Many of the candidates vying for a spot on the 2020 ticket now have launched thinly veiled jabs against the veteran lawmaker — maintaining full-throated support, while in the same breath saying they themselves would never allow their cabinet members’ families to sit on a foreign board, as Hunter Biden did during the Obama administration.
Biden pressured the Ukrainian government to oust a prosecutor who ostensibly had been leading an investigation into Burisma, an oil company, and was unpopular in his home country due to a lack of action. However, no evidence has emerged to support Trump’s main allegation that Biden did so to benefit his son, Hunter, who was later added to the company’s board of directors. Several international leaders, including senior officials at International Monetary Fund, have criticized the prosecutor and said Biden’s recommendation was justified.
As House Democrats move full-steam ahead with an impeachment inquiry, this will be the first debate in which questions about the matter may be broached.
Meanwhile, Warren — who has sought to avoid clashing with her Democratic rivals before a national audience so far, instead focusing on her pitch for big, structural change — might become a key target for the lower-polling candidates who are struggling to make their mark on the electorate.
Flanking Biden on the other side will be Vermont Sen. Bernie Sanders, 78, who after suffering a heart attack, vowed to make it to the debate stage amid questions about his health and ability to keep up with the rigorous pace of the campaign trail.
Despite those concerns, he has already previewed the differences he seeks to make between him and his progressive colleague, Warren.
“There are differences between Elizabeth and myself,” Sanders said in an interview with ABC’s “This Week” on Sunday, two days before his first official emergence back on the campaign trail since his heart attack. “Elizabeth, I think, as you know, has said that she is a capitalist through her bones. I’m not.”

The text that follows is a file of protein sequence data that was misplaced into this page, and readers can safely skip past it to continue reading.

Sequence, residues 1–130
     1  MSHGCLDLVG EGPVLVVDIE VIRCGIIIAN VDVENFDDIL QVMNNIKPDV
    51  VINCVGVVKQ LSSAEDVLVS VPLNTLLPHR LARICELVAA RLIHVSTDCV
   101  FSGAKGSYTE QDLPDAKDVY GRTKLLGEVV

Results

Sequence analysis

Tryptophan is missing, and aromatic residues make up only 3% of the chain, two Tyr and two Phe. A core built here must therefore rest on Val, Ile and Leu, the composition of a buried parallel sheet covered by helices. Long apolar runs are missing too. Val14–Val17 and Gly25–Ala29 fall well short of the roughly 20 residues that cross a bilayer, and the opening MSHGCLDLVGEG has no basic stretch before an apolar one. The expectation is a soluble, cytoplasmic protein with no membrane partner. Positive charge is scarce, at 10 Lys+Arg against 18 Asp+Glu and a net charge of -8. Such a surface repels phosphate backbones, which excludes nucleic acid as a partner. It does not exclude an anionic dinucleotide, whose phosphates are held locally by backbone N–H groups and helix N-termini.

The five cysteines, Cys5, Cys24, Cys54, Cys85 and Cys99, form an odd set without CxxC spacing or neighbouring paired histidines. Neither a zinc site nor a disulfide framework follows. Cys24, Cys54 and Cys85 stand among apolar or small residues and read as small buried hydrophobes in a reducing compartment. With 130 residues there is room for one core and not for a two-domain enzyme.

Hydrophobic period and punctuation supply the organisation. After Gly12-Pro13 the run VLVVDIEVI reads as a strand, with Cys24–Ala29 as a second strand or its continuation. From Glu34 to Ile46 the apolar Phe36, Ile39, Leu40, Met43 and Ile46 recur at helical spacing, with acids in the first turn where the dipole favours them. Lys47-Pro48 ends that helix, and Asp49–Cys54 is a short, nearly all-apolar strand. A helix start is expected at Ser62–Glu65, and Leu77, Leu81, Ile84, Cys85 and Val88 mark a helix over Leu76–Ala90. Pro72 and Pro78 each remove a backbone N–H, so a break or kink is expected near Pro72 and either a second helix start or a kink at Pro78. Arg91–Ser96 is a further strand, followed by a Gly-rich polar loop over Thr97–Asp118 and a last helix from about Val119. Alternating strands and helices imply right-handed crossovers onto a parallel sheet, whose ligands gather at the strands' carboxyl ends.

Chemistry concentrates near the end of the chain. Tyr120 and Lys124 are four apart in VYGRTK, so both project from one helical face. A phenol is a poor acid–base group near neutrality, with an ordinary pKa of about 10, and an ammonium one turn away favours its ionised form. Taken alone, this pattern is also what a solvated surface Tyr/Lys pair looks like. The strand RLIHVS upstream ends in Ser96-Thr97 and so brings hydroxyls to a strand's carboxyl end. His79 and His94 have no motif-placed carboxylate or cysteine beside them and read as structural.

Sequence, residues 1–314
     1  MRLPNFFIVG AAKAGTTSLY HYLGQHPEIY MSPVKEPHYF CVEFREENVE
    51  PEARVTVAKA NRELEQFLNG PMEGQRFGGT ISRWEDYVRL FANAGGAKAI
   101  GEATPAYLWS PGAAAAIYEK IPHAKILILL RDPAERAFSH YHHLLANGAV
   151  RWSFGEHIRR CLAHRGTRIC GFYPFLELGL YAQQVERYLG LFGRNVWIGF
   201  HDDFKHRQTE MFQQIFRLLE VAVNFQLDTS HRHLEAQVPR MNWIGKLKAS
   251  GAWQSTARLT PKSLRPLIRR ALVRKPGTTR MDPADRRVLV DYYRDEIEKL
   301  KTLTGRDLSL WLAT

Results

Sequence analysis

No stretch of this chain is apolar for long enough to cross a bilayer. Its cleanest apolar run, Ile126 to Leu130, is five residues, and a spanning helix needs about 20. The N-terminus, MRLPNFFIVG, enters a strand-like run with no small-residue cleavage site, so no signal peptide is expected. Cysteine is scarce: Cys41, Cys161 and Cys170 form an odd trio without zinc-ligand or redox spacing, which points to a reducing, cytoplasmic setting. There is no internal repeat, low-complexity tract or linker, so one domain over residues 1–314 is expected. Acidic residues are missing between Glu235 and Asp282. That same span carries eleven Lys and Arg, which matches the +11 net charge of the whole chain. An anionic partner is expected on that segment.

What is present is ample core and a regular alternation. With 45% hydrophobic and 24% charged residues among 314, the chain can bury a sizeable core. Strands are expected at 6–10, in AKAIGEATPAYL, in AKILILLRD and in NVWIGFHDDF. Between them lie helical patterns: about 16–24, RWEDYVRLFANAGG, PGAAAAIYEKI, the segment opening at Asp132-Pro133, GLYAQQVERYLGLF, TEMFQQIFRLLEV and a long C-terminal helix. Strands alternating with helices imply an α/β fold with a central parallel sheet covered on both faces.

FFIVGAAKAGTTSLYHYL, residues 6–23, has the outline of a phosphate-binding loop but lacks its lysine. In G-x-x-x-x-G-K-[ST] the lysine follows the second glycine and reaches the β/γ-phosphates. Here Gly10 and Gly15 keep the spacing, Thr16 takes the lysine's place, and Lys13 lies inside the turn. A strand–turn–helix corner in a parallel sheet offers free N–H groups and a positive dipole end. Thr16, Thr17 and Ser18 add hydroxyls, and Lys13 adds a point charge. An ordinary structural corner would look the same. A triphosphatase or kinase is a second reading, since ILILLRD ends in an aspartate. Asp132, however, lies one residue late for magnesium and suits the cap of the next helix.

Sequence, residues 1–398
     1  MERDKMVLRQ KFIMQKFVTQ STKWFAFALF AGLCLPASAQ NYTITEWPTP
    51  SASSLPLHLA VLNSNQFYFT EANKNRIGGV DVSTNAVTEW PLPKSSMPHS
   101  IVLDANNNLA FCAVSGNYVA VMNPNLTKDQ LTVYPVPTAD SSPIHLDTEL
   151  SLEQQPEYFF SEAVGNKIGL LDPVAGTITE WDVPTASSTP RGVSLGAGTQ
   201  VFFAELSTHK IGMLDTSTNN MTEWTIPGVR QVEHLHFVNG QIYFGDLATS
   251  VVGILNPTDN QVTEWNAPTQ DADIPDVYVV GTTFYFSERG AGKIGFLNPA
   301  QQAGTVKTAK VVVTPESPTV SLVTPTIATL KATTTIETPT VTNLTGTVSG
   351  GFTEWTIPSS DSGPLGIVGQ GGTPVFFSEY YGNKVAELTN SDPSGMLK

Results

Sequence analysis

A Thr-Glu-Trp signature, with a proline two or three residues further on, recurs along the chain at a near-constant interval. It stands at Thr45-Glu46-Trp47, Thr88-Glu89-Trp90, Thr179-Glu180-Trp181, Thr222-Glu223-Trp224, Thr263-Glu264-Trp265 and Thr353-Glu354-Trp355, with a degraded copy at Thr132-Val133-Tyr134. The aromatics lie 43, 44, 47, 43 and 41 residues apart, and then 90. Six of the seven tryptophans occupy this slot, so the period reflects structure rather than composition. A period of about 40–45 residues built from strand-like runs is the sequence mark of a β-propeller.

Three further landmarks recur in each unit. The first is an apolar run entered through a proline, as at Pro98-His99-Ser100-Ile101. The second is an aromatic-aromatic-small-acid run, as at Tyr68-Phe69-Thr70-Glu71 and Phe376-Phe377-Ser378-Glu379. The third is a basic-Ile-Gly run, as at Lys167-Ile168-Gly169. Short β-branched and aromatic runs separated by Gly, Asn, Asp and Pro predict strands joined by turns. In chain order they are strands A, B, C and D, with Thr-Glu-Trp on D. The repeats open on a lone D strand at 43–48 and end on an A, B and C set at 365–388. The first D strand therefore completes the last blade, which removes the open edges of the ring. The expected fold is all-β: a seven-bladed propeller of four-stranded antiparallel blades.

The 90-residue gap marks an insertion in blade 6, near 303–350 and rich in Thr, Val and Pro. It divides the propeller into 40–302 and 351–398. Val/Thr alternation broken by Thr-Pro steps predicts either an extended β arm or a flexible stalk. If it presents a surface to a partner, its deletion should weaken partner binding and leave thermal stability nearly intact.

But beyond the three top-tier candidates, the others senators vying for the White House, including New Jersey Sen. Cory Booker, California Sen. Kamala Harris, and Minnesota Sen. Amy Klobuchar, are likely to take the stage with renewed urgency to turn a breakout moment into a tangible spike, as the crowded field enters the critical four months before first votes are cast in the Iowa caucuses in early February.
On Monday, Booker started to draw dividing lines with his opponents, criticizing the South Bend mayor for equating gun buybacks to a “confiscation” of firearms.
“Calling buyback programs ‘confiscation’ is doing the NRA’s work for them … they don’t need our help,” Booker tweeted.
During an interview with the Snapchat show “Good Luck America,” Buttigieg said, “I just don’t think we should wait to have a fight over confiscation when we can win on background checks and assault weapons ban and red flag laws right now.”
Despite avoiding conflicts with other candidates so far in the previous three debates, Buttigieg is coming to the stage with a more aggressive approach.
In the same Snapchat interview, he also hit back at O’Rourke, who has recently took aim at Buttigieg for being a “poll-driven” candidate, telling the platform, “This is a policy disagreement, and it’s about governing. I get it, he needs to pick a fight in order to stay relevant.”
But aggressively targeting another candidate has so far backfired for those who’ve tried, such as Castro, who leaned into his aggressive style at the third Democratic debate, when he questioned Biden’s memory. But even some of his competitors criticized his decision to make an apparent swipe at Biden’s age.
Regardless, the debate will provide another night of contrast that will further crystallize the differences among the Democratic field, that still counts 19, on policy, philosophy and governing – before November’s upcoming debate could shrink the stage under more stringent qualifying rules.